It follows from this preliminary remark that the debate about a "Constitution for Europe" is mainly a political one 4.. To be or not to be in favour of such a Constitution often means to be or not to be in favour of the establishment of a Federal or a Confederal European State. This political debate is legitimate. However, lawyers should try to frame their reflections, as much as they can, on a more legal and institutional basis. On the one hand, their reflections might be useful as a modest contribution intended to clarify the political debate. On the

other hand, they might show that, even if (or as long as) the political debate does not receive an answer, that should not prevent the constitutional features of the EU's founding Treaties from continuing to be improved.

The four following questions will be addressed in this paper:

i) Do the international treaties on which the European Union is founded constitute a "Constitutional Charter" ?

ii) Is the EU's Constitutional Charter comparable to the Constitution of a State ?

iii) How could the EU's Constitutional Charter be transformed into a Constitution like that of a State and does this look feasible ?

iv) If that is not the case, how would it be possible to improve the EU's Constitutional Charter ?

* The author is the Legal Adviser of the Council of the European Union and was the Legal Adviser of the intergovernmental conferences which negotiated and adopted the Treaty of Maastricht and the Treaty of Amsterdam. The opinions reflected in this paper are purely personal. This paper is based on a lecture given to the Harvard Law School on 3rd May 1999. It takes into account the results of the European Council which met in Cologne (Germany) on 3rd and 4th June 1999.

1 Judgment of 23 April 1986 in Case 294/3, Les Verts, ECR 1986-4, p. 1365. See also Opinion 1/76 of 28 April 1977, ECR 1977-I, p.758 point 12; Order of 13 July 1990 in Case C-2/88, Zwartfeld, ECR 1990-7 I, p.3372;Judgment of 23 March 1993 in Case C-134/91, Beate Weber vs. European Parliament, ECR 1993-I, p.1093, point 8.

2 A number of scholars are of the opinion that this is the case, in substance:

- Jörg Gerkrath: "L'émergence d'un droit constitutionnel pour l'Europe", Editions de l'Université de Bruxelles, 1997;
- Jean Paul Jacqué: "La Constitution de l'Union européenne", in Actes du Colloque of 18-19 June 1993, Revue universelle des Droits de l'homme, 1995, nº 11-12, pp. 397-428;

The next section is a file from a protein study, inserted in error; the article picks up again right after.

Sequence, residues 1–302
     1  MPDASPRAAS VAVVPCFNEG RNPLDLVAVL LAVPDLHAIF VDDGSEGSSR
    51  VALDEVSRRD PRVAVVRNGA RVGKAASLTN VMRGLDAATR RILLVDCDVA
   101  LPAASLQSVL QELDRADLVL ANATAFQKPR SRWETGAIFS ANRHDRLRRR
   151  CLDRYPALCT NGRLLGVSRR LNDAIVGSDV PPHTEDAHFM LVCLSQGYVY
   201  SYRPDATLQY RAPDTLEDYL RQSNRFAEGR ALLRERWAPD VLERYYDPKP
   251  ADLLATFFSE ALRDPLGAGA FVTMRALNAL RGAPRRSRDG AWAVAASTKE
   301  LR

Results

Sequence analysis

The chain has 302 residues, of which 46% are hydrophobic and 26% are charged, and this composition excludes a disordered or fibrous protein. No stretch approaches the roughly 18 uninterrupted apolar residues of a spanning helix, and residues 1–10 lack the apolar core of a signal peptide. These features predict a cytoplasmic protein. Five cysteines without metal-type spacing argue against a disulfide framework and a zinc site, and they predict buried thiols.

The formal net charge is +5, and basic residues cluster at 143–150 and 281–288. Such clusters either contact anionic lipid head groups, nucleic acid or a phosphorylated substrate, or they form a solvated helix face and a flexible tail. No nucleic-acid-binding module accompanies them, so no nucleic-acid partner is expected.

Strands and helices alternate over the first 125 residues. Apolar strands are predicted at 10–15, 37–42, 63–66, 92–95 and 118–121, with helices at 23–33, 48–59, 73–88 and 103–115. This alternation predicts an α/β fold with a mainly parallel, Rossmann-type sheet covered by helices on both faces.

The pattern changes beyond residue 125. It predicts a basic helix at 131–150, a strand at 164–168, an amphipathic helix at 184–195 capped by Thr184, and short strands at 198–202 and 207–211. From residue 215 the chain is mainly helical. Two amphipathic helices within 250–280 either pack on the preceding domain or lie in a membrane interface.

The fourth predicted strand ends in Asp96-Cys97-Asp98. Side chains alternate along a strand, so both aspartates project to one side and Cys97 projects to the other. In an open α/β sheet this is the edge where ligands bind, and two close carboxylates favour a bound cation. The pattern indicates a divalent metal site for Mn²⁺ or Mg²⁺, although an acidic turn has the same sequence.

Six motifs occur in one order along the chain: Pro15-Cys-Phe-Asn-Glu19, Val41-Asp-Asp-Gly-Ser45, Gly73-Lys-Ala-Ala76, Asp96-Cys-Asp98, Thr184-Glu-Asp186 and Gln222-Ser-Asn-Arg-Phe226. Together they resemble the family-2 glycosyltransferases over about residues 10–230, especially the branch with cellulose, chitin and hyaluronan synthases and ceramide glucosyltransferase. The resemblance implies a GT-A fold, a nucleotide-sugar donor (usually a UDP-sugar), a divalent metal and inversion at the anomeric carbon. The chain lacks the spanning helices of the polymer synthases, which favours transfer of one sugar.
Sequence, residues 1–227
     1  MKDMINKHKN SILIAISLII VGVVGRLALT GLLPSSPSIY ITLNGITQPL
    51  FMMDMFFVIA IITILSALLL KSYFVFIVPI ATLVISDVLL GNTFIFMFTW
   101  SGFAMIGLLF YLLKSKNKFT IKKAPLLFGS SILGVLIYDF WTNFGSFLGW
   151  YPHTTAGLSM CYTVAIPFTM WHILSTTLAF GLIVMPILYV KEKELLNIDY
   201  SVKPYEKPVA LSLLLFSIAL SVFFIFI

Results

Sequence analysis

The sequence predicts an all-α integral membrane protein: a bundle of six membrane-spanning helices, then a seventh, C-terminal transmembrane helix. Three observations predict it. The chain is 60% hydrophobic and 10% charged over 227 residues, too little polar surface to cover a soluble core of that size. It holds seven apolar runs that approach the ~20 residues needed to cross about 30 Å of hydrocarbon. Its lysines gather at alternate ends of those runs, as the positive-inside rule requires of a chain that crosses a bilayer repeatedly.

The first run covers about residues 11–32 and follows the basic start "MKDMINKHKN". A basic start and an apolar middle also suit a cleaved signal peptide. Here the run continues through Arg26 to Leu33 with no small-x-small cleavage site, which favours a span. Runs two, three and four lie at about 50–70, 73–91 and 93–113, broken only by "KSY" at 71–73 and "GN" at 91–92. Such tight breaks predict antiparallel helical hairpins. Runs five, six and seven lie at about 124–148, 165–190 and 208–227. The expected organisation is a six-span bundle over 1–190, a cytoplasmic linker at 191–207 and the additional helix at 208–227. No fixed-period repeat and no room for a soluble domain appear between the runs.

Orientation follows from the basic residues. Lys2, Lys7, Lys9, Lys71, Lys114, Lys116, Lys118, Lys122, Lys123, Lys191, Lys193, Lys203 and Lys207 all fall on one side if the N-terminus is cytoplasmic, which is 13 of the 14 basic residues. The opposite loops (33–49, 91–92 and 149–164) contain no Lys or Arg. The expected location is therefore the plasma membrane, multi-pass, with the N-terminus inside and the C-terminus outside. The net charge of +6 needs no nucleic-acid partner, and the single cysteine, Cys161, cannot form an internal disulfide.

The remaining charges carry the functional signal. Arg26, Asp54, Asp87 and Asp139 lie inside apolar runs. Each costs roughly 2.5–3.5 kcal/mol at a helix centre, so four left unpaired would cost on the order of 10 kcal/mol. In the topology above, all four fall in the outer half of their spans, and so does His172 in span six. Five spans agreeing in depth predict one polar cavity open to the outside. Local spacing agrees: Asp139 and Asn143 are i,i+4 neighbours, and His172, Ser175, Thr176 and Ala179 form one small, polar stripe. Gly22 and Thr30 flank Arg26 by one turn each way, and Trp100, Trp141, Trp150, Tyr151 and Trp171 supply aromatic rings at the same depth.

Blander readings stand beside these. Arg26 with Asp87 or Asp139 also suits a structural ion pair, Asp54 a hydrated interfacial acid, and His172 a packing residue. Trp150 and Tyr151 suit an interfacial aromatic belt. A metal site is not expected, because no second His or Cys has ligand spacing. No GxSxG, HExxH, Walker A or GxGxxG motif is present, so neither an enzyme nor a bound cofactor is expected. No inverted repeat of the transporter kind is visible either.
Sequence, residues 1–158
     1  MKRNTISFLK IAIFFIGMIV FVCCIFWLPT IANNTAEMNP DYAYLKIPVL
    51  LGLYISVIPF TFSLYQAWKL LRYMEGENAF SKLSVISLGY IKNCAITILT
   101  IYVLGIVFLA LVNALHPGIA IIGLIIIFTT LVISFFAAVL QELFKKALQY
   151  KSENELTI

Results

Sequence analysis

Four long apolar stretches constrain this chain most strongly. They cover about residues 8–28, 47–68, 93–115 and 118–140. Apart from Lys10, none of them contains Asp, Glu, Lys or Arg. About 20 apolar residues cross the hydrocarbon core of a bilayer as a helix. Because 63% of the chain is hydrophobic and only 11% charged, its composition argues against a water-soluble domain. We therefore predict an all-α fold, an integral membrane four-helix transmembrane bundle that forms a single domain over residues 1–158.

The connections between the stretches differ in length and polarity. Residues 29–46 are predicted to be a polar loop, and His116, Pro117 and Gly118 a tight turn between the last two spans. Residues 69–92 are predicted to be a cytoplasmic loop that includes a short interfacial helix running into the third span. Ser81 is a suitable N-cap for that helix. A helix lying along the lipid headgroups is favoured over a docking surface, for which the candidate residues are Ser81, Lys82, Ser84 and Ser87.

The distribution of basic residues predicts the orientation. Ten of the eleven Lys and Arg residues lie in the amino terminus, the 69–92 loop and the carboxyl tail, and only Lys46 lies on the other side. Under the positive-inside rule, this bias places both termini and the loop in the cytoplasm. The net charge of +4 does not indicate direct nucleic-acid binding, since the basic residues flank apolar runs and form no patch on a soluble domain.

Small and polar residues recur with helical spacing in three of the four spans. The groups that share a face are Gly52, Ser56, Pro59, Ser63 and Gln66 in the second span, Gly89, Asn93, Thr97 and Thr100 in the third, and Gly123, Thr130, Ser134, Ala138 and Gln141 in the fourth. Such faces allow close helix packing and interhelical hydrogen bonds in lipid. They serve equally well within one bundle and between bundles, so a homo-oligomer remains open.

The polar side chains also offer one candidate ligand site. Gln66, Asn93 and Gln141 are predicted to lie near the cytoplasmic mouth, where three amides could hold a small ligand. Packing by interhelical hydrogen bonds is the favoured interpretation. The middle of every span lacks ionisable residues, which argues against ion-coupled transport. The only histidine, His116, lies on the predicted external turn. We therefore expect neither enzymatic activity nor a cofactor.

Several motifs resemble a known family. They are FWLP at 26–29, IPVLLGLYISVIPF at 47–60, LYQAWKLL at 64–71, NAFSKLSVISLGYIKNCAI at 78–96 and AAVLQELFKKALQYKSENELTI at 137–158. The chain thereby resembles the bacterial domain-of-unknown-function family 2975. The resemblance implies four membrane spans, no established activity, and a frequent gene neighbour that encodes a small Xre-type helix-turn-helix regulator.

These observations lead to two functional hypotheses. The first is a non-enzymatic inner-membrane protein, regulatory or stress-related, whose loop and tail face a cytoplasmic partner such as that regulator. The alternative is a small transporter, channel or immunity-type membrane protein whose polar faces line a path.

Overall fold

- Denys Simon: "Le système juridique communautaire", Presses universitaires de France, Paris, 2nd edition, 1998;
- Francis Snyder: "General Course on Constitutional Law of the European Union", European University Institute, Florence, 1998.
- J.H.H. Weiler : "The Constitution of Europe", Cambridge University Press, United Kingdom, 1999.

3 According to the definition in Black's Law Dictionary (Definitions of the Terms and Phrases of American and English Jurisprudence, 6th edition, 1990) , a Constitution is :

"The organic and fundamental law of a nation or state, which may be written or unwritten, establishing the character and conception of its government, laying the basic principles to which its internal life is to be conformed, organizing the government, and regulating, distributing, and limiting the functions of its different departments, and prescribing the extent and manner of the exercise of sovereign powers. A charter of government deriving its whole authority from the governed. The written instrument agreed upon by the people of the Union (e.g. United States Constitution) or of a particular state, as the absolute rule of action and decision for all departments (i.e. branches) and officers of the government in respect to all the points covered by it, which must control until it shall be changed by the authority which established it (i.e. by amendment), and in opposition to which any act or ordinance of any such department or officer is null and void"..

4"Europe stands before a series of ongoing constitutional debates. The focus in the future will be on the construction of a legitimate constitutional order for policy-making responsive to the desires of national governments and their citizens". Andrew Moravcsik and Kalypso Nicolaïdis: Federal Ideals and Constitutional Realities in the Treaty of Amsterdam, Keynote Article, Journal of Common Market Studies, Volume 36, Annual Review, September 1998, p. 34.


© Jean-Claude Piris 2000